The Collation

Research and Exploration at the Folger

A New ASECS-Folger Short Term Fellowship

The Folger Institute is delighted to announce a fellowship in partnership with the American Society for Eighteenth-Century Studies. This $2,500 award will allow its recipient a one-month residency at the Folger Library in Washington, DC. The fellowship is interdisciplinary, and will work to support all areas of scholarly inquiry pertinent to eighteenth-century studies. Established in 1969, the American Society for Eighteenth-Century Studies is an interdisciplinary organization dedicated to the advancement of scholarship in all aspects of the period from the later seventeenth through the early nineteenth century in Europe, its colonies, and across the globe.… Continue Reading

Manuscripts in libraries: catalog versus finding aid

When searching for manuscripts at the Folger—or pretty much any special collections library—it helps to know that manuscripts often lead a double life. Many exist simultaneously as part of a library, and as part of an archive, and libraries and archives have different ways of collecting, organizing, and describing material. Libraries contain deliberately purchased items, and these items tend to be arranged in a human-devised order (“artificial arrangement” in Information Science jargon).… Continue Reading

Announcing a New Fellowship with the Omohundro Institute

The Folger is known for our Shakespeare collections, but our holdings support research on all aspects of British and European literary, cultural, political, religious, theatrical, and social history from the fifteenth through the eighteenth centuries: and that includes materials that document early modern interactions between women and men around the American and Atlantic worlds. The Folger Institute is proud to partner with the Omohundro Institute of Early American History and Culture on a new fellowship, dedicated to supporting studies of early America, broadly understood.… Continue Reading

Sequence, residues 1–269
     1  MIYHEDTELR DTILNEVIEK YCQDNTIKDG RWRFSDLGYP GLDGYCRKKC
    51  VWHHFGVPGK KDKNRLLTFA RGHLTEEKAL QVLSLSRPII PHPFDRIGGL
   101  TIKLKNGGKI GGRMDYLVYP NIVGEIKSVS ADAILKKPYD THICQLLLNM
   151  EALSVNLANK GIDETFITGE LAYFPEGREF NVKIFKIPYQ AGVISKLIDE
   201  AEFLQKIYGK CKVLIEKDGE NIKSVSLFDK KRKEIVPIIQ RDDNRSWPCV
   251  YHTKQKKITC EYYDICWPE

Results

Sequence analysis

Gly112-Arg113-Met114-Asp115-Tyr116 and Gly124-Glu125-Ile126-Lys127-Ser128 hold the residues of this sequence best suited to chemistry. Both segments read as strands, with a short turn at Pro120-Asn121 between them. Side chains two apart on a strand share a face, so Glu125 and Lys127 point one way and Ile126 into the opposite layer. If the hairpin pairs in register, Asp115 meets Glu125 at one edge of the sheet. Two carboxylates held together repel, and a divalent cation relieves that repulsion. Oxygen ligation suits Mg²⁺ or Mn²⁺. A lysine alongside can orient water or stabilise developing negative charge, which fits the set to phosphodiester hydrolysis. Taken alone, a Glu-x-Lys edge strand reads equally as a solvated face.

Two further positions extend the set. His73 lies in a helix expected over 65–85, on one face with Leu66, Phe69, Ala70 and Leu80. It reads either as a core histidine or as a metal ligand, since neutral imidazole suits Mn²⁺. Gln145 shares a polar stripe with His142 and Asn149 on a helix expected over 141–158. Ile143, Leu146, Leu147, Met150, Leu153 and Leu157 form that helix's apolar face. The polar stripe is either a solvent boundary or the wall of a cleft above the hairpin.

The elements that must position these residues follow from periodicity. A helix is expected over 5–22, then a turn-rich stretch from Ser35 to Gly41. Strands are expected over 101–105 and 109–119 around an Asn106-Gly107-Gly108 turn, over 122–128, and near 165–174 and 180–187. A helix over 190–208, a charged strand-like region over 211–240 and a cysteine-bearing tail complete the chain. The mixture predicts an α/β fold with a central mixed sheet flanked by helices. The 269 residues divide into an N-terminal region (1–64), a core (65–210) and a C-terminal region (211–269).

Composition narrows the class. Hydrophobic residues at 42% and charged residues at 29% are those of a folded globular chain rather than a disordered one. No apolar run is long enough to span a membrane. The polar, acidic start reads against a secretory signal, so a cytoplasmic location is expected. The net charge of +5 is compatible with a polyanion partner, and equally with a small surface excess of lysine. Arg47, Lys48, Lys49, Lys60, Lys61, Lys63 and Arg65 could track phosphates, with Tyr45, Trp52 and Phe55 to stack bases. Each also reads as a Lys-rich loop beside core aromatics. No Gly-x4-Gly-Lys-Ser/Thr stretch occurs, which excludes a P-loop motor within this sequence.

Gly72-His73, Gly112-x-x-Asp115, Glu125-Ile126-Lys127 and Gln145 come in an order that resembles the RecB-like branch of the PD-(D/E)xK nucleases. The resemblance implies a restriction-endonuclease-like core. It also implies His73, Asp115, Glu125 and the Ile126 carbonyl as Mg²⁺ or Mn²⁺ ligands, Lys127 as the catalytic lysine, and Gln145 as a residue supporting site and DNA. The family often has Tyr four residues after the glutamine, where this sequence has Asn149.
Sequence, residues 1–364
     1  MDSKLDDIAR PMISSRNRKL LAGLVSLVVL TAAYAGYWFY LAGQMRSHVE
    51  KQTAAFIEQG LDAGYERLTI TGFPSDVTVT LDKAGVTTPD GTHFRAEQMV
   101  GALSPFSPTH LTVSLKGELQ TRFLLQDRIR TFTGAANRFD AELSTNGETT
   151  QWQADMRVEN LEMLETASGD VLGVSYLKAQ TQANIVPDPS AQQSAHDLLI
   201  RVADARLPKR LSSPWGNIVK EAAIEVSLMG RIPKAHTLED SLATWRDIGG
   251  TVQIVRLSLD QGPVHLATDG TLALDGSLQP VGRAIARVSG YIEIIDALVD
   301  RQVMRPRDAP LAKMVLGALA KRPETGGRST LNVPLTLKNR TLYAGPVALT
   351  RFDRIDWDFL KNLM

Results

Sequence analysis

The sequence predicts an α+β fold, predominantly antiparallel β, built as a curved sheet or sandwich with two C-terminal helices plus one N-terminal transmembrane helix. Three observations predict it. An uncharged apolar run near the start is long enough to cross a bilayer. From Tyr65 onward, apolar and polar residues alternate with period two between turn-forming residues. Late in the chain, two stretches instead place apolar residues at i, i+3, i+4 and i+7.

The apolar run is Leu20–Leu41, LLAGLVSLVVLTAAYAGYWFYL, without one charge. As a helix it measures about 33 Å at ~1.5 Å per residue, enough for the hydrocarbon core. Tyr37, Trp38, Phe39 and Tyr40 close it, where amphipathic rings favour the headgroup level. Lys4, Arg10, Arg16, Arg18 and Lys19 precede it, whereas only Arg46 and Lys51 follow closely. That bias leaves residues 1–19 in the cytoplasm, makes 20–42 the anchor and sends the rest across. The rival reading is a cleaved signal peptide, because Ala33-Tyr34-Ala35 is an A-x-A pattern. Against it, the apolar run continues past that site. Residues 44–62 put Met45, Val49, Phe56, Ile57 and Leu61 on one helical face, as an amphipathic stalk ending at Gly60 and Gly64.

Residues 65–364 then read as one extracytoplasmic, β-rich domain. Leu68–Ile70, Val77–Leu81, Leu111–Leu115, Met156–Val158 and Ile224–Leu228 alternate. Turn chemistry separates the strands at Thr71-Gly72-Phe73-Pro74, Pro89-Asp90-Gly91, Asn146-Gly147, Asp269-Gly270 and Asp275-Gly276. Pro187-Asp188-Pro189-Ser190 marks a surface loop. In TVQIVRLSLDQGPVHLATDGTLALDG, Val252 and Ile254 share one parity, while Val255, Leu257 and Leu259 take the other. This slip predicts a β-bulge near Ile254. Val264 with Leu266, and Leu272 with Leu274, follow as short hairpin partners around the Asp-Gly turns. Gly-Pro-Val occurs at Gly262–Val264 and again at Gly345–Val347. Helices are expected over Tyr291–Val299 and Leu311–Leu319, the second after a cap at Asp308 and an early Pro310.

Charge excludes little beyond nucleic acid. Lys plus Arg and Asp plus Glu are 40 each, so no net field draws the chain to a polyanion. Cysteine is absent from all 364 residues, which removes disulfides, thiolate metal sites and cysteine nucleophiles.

A promptbook in disguise

It’s time to pull back the curtain on last week’s crocodile mystery: that weird woven material is a close-up photograph of the cover of a promptbook! Both commenters who took a guess last week came pretty close. This particular promptbook was used during an 1838 production of Woman’s wit, or, love’s disguises at the Tremont Theatre in Boston, probably by an actor named Thomas Barry, who performed in New York and Boston during the mid-19th century.… Continue Reading


Announcing EMMO’s Beta Launch

To kick off the new year at Early Modern Manuscripts Online (EMMO), the EMMO team (Paul Dingman, Mike Poston, Sarah Powell, Caitlin Rizzo & Heather Wolfe, with additional thanks to Rebecca Niles) is thrilled to announce the launch of our beta site. Throughout this test period we will add transcriptions and new features to the site, with a view to making EMMO’s corpus an indispensable resource for early modern scholars in the years to come.… Continue Reading

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